Breach, Threat Management, Data Security, Threat Management

Anonymous raids law firm over its defense of Marine

Just hours after releasing the recording of its daring interception of an FBI-Scotland Yard conference call, Anonymous had more surprises in store on Friday, this time leaking 300 GB of data it hijacked from the law firm Puckett & Faraj, which represents a U.S. Marine accused of killing 24 Iraqi civilians in 2005.

Staff Sgt. Frank Wuterich received no jail time last month in a sentencing that followed a deal in which he pleaded guilty to negligent dereliction of duty. Originally he faced up to 152 years in prison for nine manslaughter charges stemming from a raid on homes in the Euphrates Valley city of Haditha. He admitted to telling his men to "shoot first, ask questions later," which they did, killing seven children, three women and a 76-year-old man, according to reports.

The plea bargain approved by Lt. Gen. Thomas Waldhauser called for no jail time -- he would not explain why he offered this deal, reports said. The sentencing judge recommended Wuterich's rank be reduced to private, which came with a moderate pay cut.

Anonymous, clearly upset with the ruling, raided the website of Wuterich's Alexandria, Va.-based lawyers to steal "court mails, faxes, transcriptions, etc." the group announced. Barrett Brown, the public face of Anonymous, tweeted that the collective was seeking volunteers to help build a search engine that would allow the efficient perusal of the massive amounts of data.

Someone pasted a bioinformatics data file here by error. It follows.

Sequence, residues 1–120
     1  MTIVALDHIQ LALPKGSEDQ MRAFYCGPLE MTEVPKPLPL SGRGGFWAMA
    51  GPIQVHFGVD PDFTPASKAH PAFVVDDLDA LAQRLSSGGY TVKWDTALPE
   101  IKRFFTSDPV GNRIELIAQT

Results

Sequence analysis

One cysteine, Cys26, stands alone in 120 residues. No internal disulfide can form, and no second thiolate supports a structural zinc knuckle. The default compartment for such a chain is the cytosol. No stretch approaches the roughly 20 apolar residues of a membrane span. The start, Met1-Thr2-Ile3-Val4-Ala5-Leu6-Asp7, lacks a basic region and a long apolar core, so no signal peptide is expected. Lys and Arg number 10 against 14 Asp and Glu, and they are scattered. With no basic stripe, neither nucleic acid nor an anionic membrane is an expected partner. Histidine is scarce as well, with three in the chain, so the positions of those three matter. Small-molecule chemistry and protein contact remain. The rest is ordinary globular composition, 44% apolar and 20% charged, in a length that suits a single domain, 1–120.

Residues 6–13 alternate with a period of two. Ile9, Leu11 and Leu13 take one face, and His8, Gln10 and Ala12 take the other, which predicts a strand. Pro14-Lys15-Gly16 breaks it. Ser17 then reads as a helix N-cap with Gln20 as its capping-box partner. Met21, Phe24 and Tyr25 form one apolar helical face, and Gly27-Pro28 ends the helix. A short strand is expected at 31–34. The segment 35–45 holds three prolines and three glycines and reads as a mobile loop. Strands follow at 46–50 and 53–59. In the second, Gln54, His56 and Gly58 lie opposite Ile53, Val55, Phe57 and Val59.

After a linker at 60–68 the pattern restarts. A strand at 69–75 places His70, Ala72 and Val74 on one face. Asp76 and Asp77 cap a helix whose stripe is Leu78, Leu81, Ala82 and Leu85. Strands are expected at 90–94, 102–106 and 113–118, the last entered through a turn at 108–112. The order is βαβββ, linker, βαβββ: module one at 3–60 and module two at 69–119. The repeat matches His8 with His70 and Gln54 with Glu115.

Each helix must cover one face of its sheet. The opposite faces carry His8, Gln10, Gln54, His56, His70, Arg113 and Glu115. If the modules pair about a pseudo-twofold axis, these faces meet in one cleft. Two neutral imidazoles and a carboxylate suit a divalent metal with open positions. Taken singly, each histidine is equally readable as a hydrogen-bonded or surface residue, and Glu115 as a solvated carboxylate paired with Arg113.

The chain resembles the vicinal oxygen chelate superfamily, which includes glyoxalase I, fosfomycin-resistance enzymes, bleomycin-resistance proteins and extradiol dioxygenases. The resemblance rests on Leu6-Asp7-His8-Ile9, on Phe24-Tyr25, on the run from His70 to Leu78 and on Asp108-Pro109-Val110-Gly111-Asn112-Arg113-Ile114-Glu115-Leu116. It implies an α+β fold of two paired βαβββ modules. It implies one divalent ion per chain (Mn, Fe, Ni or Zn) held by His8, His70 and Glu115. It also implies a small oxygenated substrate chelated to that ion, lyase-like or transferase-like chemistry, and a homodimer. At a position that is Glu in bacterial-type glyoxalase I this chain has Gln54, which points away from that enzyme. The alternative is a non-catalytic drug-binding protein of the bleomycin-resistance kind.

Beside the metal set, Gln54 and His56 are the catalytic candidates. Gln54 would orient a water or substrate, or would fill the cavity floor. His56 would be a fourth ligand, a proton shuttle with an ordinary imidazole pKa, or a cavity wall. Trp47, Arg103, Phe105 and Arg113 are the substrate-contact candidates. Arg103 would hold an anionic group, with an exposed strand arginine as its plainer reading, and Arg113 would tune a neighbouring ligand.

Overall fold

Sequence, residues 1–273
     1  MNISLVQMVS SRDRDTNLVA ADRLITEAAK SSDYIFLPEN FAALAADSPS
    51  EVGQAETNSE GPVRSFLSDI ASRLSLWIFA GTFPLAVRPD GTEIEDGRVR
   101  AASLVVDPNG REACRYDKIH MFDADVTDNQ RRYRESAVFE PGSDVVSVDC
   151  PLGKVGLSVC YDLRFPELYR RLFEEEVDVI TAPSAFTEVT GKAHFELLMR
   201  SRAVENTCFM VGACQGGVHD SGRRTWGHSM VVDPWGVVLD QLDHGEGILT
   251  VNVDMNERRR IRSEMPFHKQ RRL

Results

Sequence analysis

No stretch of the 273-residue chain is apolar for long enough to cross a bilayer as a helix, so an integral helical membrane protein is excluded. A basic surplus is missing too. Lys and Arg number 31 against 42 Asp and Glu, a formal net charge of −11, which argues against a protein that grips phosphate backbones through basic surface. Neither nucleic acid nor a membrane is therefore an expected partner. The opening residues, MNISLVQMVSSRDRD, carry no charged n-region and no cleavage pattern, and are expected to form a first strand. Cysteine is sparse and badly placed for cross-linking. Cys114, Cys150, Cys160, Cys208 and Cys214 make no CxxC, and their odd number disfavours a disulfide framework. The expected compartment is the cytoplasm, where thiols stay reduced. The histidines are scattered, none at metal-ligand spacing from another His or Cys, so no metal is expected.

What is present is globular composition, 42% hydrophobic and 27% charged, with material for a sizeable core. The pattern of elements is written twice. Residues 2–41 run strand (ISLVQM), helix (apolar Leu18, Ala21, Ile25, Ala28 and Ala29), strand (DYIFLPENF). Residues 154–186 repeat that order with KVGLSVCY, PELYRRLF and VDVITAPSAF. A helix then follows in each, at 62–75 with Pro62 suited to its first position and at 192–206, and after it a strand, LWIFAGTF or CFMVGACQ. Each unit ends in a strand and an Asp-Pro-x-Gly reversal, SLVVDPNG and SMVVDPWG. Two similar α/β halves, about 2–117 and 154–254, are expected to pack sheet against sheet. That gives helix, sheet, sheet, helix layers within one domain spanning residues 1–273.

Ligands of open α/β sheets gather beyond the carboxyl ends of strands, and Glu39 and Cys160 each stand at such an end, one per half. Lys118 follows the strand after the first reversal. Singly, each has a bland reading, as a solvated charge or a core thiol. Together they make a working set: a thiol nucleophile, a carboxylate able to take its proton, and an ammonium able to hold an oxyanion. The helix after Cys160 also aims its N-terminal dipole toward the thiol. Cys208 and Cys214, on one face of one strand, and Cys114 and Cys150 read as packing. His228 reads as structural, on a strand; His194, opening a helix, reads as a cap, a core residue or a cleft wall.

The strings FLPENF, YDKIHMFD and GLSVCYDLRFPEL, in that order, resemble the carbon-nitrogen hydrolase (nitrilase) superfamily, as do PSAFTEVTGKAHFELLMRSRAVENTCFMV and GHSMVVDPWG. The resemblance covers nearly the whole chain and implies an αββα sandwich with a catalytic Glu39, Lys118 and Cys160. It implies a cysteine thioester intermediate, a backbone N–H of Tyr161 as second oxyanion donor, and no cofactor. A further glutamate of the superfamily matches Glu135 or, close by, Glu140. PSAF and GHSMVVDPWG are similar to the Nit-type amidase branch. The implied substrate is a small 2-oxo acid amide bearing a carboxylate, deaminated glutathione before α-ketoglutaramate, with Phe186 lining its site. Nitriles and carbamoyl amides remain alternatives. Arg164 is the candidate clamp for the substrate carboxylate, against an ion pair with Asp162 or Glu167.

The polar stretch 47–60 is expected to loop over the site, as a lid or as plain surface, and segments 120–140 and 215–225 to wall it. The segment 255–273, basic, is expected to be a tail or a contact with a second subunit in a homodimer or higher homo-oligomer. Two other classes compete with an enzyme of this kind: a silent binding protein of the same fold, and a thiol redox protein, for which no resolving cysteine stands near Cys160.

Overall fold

The site is currently offline.

In a tweet sent from its primary Twitter account, the group said it was upset military prosecutors are trying to throw the book at accused WikiLeaks source Bradley Manning, but let Wuterich off easily.

Meanwhile, Anonymous members on Friday also defaced the website of the Boston Police Department in retaliation for officers' treatment of Occupy Boston protesters, related to the Dec. 10 raid of Dewey Square, where demonstrators had been staying.

The department's website -- -- is now redirecting to the agency's Facebook page. In a note posted to the page, the department said its "skillful technical staff" was working to repair the issue.

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